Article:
On June 29, 2018, an individual claiming to be Satoshi Nakamoto made a post on a website called nakamotofamilyfoundation.org about a book he had begun writing.[18][19][20] In one of the excerpts on the site, the author asserted that Satoshi Nakamoto is not a "real" name: "specifically," he wrote, "not a legal name." The author said that the name is "primarily the essence of thoughts and reason." The author also said he chose "Satoshi Nakamoto" because the commonality of the name in Japanese is similar to a name like "John Smith" in English.[21] The excerpts also include nearly a full page dedicated to Hal Finney.[22]

"Nour"

On November 29th, 2018, Nakamoto's original profile on the website P2Pfoundation.ning.com made a post with a single word, "nour." No further explanation or follow-up was posted to the profile, though some speculated that since the word means "light" in Arabic, Hebrew, and Aramaic, this had something to do with Nakamoto's intended, cryptic message. Others speculated that Nakamoto's account had been hacked, and the post was simply nonsense made by an unauthorized user. Earlier that day, Nakamoto's activity feed indicated that the profile had accepted a new friend account for the first time in years. The account that was added by Nakamoto belonged to Brazilian citizen Wagner Tamanaha, who tweeted in Portuguese after these posts were made that he was "under investigation."[23][24][25]

Craig Wright attempts to copyright Nakamoto's Whitepaper

In April 2019, Craig Wright applied for registrations with the United States Copyright Office, claiming authorship of bitcoin's original whitepaper, “Bitcoin: A Peer-to-Peer Electronic Cash System.” On May 22, 2019, a day after the news broke, the U.S. Copyright Office published a statement: “As a general rule, when the Copyright Office receives an application for registration, the claimant certifies as to the truth of the statements made in the submitted materials. The Copyright Office does not investigate the truth of any statement made...In a case in which a work is registered under a pseudonym, the Copyright Office does not investigate whether there is a provable connection between the claimant and the pseudonymous author.”[26][27]

References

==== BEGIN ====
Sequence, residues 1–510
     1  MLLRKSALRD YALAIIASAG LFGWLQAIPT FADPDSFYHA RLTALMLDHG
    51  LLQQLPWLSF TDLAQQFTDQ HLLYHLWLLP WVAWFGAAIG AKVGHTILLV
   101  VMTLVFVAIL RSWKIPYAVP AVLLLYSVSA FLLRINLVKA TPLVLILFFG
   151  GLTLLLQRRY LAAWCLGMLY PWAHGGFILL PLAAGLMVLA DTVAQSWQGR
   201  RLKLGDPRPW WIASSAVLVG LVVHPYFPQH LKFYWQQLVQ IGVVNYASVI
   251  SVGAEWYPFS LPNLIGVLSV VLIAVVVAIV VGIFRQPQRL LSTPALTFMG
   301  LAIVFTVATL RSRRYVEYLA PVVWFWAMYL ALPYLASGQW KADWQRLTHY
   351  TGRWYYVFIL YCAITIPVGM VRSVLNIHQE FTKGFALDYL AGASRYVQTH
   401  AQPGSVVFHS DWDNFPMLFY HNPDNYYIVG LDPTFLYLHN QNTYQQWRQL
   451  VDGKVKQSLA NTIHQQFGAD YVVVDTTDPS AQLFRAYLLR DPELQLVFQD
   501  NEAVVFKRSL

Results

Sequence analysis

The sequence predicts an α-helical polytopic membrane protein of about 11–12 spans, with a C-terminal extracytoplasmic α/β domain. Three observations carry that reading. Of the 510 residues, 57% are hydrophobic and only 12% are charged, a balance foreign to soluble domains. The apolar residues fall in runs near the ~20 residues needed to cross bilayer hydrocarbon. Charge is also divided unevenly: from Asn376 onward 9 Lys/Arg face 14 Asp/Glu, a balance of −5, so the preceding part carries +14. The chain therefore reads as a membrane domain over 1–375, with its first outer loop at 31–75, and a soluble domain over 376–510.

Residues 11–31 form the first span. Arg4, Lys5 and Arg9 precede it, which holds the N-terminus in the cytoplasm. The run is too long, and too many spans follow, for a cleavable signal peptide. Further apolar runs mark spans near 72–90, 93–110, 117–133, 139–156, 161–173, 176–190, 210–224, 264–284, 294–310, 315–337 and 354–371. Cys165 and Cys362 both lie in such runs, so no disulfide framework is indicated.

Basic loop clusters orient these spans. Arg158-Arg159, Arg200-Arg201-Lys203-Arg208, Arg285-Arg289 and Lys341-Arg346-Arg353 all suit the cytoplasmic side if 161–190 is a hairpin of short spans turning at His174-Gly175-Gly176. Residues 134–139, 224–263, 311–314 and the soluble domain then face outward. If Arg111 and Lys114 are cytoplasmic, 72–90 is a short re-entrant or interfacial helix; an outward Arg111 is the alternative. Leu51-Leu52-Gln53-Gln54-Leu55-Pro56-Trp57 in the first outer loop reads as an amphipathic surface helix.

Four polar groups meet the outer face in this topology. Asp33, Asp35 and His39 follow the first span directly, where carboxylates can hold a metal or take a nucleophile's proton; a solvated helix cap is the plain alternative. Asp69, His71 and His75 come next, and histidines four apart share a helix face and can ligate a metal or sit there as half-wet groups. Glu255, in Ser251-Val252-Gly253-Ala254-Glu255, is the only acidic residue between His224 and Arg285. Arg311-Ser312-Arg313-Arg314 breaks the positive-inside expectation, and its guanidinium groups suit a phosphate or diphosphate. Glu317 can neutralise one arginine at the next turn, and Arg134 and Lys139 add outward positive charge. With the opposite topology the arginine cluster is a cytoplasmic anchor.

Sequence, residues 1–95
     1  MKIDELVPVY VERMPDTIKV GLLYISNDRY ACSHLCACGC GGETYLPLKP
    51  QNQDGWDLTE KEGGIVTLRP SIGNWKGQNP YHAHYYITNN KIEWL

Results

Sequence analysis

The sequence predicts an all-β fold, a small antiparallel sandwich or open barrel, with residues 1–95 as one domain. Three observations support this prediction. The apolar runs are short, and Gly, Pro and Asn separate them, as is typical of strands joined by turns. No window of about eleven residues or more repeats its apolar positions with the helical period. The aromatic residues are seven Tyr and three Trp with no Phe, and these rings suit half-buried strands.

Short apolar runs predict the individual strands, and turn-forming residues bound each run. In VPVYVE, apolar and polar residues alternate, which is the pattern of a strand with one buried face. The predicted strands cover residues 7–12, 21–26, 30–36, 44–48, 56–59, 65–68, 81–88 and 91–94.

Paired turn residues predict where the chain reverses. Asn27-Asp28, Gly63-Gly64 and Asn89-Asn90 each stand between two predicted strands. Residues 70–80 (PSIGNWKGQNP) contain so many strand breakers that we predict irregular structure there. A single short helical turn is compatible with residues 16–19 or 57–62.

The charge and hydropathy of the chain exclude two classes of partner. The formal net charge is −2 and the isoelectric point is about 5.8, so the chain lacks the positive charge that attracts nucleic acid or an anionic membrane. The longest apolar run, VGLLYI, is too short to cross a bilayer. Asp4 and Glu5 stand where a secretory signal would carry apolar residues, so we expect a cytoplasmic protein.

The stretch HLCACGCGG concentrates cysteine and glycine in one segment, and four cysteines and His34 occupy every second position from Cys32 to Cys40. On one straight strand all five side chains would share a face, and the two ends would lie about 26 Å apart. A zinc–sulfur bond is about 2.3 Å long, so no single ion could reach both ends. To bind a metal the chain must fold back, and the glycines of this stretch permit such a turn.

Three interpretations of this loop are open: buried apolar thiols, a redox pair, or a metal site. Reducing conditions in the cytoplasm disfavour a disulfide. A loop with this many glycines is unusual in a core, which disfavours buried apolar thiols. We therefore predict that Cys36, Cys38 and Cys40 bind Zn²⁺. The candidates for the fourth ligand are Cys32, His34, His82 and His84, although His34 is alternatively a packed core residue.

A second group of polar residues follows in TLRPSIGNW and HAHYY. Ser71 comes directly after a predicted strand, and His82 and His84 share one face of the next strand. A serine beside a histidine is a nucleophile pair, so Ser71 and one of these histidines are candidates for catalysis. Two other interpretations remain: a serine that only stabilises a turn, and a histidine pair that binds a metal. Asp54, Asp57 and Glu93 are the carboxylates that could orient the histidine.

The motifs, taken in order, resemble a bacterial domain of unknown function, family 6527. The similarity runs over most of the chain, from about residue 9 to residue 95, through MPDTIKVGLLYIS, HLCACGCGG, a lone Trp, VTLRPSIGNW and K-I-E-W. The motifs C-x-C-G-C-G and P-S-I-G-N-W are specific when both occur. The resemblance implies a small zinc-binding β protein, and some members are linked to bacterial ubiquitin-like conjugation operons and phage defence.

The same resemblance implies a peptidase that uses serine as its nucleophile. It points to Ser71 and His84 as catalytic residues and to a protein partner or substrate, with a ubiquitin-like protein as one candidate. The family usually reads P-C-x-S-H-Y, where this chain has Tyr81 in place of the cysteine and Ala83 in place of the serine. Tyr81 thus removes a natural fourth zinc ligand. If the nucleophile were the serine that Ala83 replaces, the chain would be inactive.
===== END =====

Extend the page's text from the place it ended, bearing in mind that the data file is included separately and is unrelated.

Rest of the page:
1. Who is Satoshi Nakamoto?. Coindesk.com.
  2. Who is Satoshi Nakamoto?. Diginomics.
  3. Who is Satoshi Nakamoto?. Coindesk.com.
  4. Who is Satoshi Nakamoto?. The Economist.
  5. Bitcoin: A Peer-to-Peer Electronic Cash System. Bitcoin.org.
  6. Who is Satoshi Nakamoto?. Coindesk.com.
  7. The Rise and Rise of Bitcoin. Bitcoindoc.com.
  8. "Wei Dai:" B-Money. WeiDai.com.
  9. One Does Not Simply Find Satoshi Nakamoto. coindesk.com.
  10. Hal Finney received the first Bitcoin transaction. Here’s how he describes it.. The Washington Post.
  11. The Face of Bitcoin. Newsweek.
  12. Bitcoin Creator Returns To Internet To Say, 'I Am Not Dorian Nakamoto'. Forbes.
  13. Craig Wright revealed as Bitcoin creator Satoshi Nakamoto. BBC News.
  14. Craig Wright’s claims to be Satoshi Nakamoto come under fire. The Economist.
  15. How Two Disabled Men Changed the Financial World. CCN.
  16. Australian 'bitcoin founder' Craig Wright Sued over claimed theft of bitcoins worth millions. Business Insider AU.
  17. Self-proclaimed Satoshi Craig Wright is being sued for stealing his partner’s bitcoin. The Verge.
  18. Bitcoin Creator, Whoever It Is, Hints at Telling All in Book. Bloomberg.
  19. Self-Proclaimed Satoshi Says Bitcoin Book in the Works. Coindesk.
  20. Nakamoto Family Foundation. Nakamoto Family Foundation.
  21. Duality: An excerpt. Nakamoto Family Foundation.
  22. DID SATOSHI NAKAMOTO WRITE THIS BOOK EXCERPT? A WIRED INVESTIGATIONk. Wired.
  23. ‘Nour’ and a New Friend: Satoshi Nakamoto's P2P Profile Makes New Post, Befriends User. Cointelegraph.
  24. Satoshi Nakamoto's Page. P2PFoundation.
  25. Parece que o Satoshi reapareceu e estou sendo investigado :-). Twitter.
  26. Craig Wright Attempts to Copyright the Satoshi White Paper and Bitcoin Code. Coindesk.
  27. US Copyright Office Says It Does Not ‘Recognize’ Craig Wright as Satoshi. Coindesk.